Down Beat (p.86) - 4 stars out of 5 -- "[T]hese wizards exhibit an endlessly fascinating way with improvising close enough to the tune to reference the material while taking it outside to the point of stimulating the listener's imaginations and enhancing the composition."
JazzTimes (p.90) - "[I]f you value the wisdom of elders and the hard-won grace of decades spent mastering the traditions and nuances of the music, this CD is a joy."
James Moody (Sax): James Moody (flute, tenor saxophone); Hank Jones (piano); Todd Coolman (bass instrument); Adam Nussbaum (drums, drum).
The combination of James Moody and Hank Jones, excepting a few minor instances, has not been documented since the 1963 Argo LP Great Day. So this match-up of two jazz giants, with a collective experience of some 170 years at the time of this recording, is long overdue and exceedingly welcome. Concentrating on the music of Dizzy Gillespie and Tadd Dameron, these living legends of mainstream bop and hard bop turn this stack of standards and a handful of originals into a refined, relaxed and easygoing program of pleasing and accessible tunes. Every cut sports excellent solos, unforced refrains, and, as the title suggests, a delightful repertoire. Moody's tenor has never sounded better, while the ever elegant Jones supports the band with the ultimate in supple subtleties. Bassist Todd Coolman (who also wrote the insightful liner notes) turns in a usually reliable and steady performance, while the great but still unsung drummer Adam Nussbaum displays a restraint and high level of taste that shows both of their unwavering respect for the icons they are backing.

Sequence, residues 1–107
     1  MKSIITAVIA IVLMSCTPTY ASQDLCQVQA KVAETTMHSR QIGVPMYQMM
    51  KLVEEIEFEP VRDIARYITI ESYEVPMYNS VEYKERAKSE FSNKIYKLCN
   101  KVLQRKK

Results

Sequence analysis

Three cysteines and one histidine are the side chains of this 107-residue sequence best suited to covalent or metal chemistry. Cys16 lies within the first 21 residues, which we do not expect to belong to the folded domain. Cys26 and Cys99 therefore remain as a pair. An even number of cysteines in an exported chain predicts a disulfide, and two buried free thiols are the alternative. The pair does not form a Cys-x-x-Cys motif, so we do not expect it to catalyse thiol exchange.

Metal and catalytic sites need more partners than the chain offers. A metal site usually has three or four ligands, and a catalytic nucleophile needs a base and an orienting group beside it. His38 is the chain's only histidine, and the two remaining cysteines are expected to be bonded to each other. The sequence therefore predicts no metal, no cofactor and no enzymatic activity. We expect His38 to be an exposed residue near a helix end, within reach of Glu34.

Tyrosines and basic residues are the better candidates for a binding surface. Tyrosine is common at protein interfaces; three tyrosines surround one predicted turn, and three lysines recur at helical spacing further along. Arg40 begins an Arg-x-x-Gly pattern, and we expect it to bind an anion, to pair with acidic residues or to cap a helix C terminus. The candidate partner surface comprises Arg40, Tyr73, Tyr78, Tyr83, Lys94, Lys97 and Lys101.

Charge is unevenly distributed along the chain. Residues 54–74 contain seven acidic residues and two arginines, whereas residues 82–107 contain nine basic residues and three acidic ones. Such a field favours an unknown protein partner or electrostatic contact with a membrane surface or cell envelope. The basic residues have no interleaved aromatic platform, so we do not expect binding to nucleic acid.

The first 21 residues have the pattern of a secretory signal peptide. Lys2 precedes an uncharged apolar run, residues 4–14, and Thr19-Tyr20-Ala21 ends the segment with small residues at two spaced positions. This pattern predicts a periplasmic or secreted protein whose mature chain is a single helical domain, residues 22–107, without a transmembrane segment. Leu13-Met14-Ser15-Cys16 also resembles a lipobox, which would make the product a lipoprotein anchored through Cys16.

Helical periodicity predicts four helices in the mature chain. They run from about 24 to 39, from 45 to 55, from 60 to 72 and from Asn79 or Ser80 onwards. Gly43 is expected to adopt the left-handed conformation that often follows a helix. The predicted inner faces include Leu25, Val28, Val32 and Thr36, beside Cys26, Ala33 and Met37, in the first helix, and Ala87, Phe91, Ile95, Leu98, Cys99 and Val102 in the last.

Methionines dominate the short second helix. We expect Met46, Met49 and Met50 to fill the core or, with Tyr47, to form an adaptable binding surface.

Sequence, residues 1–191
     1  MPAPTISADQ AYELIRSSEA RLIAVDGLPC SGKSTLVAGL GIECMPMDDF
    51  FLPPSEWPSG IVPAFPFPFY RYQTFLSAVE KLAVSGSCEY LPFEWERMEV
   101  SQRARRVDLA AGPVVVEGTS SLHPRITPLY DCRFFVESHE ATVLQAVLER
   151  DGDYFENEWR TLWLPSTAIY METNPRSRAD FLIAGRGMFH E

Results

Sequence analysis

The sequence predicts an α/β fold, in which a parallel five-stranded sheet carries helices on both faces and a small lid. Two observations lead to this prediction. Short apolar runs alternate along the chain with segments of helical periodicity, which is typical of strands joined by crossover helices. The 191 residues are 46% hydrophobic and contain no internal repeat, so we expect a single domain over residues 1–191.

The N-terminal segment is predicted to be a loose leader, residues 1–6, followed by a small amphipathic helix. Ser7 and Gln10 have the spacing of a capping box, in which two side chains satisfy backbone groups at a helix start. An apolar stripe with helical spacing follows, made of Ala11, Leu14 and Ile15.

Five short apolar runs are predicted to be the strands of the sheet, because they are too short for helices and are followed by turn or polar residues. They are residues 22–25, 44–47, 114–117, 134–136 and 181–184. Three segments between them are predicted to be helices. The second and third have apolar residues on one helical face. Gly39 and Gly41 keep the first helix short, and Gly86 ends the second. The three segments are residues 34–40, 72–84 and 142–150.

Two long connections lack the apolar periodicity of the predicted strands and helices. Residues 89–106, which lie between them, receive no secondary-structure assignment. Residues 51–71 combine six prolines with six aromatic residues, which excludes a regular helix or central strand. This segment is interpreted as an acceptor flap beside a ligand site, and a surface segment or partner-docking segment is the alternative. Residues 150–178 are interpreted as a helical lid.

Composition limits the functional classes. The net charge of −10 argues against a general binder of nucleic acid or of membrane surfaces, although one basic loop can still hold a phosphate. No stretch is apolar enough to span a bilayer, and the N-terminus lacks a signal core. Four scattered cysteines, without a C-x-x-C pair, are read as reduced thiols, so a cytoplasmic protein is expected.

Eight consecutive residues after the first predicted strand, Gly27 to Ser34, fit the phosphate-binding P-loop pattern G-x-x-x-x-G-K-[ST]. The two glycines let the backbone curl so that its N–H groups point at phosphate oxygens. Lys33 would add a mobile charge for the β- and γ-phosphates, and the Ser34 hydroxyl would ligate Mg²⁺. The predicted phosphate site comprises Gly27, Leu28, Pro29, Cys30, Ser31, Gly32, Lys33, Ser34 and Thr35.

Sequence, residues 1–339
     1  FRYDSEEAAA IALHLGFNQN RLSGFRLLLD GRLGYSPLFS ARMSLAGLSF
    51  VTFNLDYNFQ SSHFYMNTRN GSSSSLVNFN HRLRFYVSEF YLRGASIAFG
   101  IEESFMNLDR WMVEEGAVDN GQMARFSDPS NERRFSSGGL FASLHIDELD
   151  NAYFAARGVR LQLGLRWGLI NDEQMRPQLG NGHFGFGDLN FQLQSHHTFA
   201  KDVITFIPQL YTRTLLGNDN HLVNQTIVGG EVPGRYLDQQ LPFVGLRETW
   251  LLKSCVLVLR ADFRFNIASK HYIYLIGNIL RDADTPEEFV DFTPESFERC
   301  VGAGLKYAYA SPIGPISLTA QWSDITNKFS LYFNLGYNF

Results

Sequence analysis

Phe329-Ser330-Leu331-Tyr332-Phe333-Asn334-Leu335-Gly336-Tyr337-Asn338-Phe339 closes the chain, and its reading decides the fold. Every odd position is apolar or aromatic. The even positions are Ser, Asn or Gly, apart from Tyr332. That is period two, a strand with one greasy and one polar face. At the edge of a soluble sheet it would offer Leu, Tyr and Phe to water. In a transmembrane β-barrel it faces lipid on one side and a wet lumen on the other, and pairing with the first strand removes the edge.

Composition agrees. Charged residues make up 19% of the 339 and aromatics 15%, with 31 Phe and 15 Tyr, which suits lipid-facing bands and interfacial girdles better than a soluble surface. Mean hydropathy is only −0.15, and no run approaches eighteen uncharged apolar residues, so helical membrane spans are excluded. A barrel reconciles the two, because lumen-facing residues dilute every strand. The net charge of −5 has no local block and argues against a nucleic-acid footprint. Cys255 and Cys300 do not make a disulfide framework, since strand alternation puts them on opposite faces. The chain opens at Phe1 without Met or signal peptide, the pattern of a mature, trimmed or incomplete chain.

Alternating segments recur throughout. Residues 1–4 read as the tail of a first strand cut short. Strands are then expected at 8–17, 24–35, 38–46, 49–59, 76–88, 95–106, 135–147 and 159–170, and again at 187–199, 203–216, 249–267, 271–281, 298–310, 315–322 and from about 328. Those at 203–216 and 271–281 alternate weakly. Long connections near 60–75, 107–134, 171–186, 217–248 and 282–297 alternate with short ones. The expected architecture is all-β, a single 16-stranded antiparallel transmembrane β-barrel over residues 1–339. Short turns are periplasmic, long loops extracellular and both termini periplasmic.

Of the inventive Dameron's contributions, the title track rolls along easily as cleanly played by these experts. "Lady Bird" is comfy, melodic, and groovy featuring Coolman's seemingly effortless and laudable solo, while the piquant theme of "Good Bait" and the whispered vibrato elements of Moody's tenor during the long ballad "Soul 'Trane" sets them apart from the original versions. The tunes from Gillespie's book-like "Birk's Works" and "Con Alma" are calm and unhurried, the latter with an expected calypso beat professionally injected by Nussbaum, and doing the same for "Woody 'n' You," popping and flailing bopping accents at will. Off the path of Dameron and Gillespie, Sonny Stitt's "Eternal Triangle" remains the perfect lean and fluid bop vehicle in the hands of masters, on flute Moody's "Darben the Red Foxx" extracts a spiky elfin blues theme, switching up phrasings to keep things interesting, and rising star vocalist Roberta Gambarini scats à la Ella Fitzgerald and soars like Sarah Vaughan on the Jimmy Heath evergreen "Moody's Groove." It's impossible to deem anything on this marvelous recording as less than truly classic, impeccably performed, simpatico above and beyond the call, and charmingly rendered. You'll have no issues adding this fine and historic recording to your modern straight-ahead jazz collection. ~ Michael G. Nastos
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- 1965 (Gillespie, Dizzy)